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Due to effective compression algorithms and the increases in readily available and affordable bandwidth, audio tracks are no longer protected by their once considerable data size. As a result, illegal copying and distribution of music via the Internet must be considered a new form of piracy that was made possible primarily due to the reduced size of the digital audio data and the increased bandwidth available to both consumers and organized crime. This massive distribution potential for pirated copies already appears to have severely curtailed the market volume of physical CDs, particularly that of CD singles.


Christoph Busch
Email: christoph.busch@h-da.de

Michael Arnold


Audio Protection

Besides audio files, music scores are the source for playing conventional music. They are mostly sold in the traditional form: as printed music scores. But the benefits of the Internet also affect this area. More and more publishers are setting up Internet por- tals for distributing music scores in digital format. But they are also afraid of copy- right infringement. Copyright infringement happens often in the analog world through the use of traditional copying machines. Unfortunately, the benefits of the digital representation can be easily misused. Two major reasons can be identified so far: First, digital representations can be copied with loss of information. Once a digital format is obtained from a printed music score, it can be copied again and again without any quality degeneration. Second, distribution of digital representation via the Internet is fast and without spatial limitations.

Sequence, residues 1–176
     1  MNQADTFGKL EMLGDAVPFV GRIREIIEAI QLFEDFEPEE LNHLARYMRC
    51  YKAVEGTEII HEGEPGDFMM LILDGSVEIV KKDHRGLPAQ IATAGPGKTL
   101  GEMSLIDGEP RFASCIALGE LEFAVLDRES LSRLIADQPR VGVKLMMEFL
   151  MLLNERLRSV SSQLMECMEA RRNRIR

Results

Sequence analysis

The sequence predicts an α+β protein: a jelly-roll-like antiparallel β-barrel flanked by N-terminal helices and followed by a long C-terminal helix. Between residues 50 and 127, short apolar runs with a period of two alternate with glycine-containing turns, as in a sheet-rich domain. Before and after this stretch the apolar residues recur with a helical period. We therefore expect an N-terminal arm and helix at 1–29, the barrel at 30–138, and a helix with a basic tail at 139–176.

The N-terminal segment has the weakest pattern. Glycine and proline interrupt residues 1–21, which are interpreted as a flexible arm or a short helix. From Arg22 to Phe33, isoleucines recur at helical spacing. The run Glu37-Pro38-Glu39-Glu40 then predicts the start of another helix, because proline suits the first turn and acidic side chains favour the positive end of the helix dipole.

The negative effects are currently stressed by music labels, which are endangered by the massive exchange of copyrighted audio files using Peer-To-Peer architectures.
These possible effects had never been con- sidered before, since audio files had been judged as very difficult to distribute due to the huge amount of data. But modern compression schemes and permanent fast Internet access, especially for private households, have taught music industry a severe and costly lesson.

A©WA - Audio @opyright Protection by WAtermarking

The incessant increase in hardware and network capacities and improvement of software and compressing algorithms like MPEG 1 Layer III (MP3) generate a rapidly growing market for dealing in audio data. Easy to use peer-to-peer services are cur- rently used to exchange the data stored locally on the systems of participating clients. Therefore, the problem of uncon- trolled distribution of copyrighted audio data looms large. A©WA embeds a water- mark into audio data to provide the means for protecting the intellectual property rights of authors and owners alike.

A©WA is based on a statistical method and an underlying psycho-acoustic model to embed a transparent and robust watermark into audio streams Using A©WA, two watermarks can be simultaneously embed- ded without interfering with one another. The default data rate of 8 bits/second can be adjusted according to the requirements regarding robustness and the minimum data size of the audio file to be protected. The authorization for reading the water- mark is driven by using a secret key.

The A©WA embedded watermark is robust among other things - against

  • – MPEG 1 Layer III compression down to 128kBit/s
  • – EQ ± 6dB – Sample rate conversion (44.1 –> 22.05 kHz)
  • – Stereo-Mono conversion – Format


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